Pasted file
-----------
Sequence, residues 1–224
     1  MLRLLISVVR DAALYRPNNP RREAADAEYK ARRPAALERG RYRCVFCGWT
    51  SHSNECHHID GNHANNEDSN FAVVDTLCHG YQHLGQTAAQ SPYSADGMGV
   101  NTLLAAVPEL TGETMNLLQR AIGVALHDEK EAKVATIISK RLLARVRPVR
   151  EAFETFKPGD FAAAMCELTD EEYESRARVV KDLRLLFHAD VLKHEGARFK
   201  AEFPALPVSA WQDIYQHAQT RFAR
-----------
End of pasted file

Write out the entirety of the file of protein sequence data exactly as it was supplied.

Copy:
Sequence, residues 1–224
     1  MLRLLISVVR DAALYRPNNP RREAADAEYK ARRPAALERG RYRCVFCGWT
    51  SHSNECHHID GNHANNEDSN FAVVDTLCHG YQHLGQTAAQ SPYSADGMGV
   101  NTLLAAVPEL TGETMNLLQR AIGVALHDEK EAKVATIISK RLLARVRPVR
   151  EAFETFKPGD FAAAMCELTD EEYESRARVV KDLRLLFHAD VLKHEGARFK
   201  AEFPALPVSA WQDIYQHAQT RFAR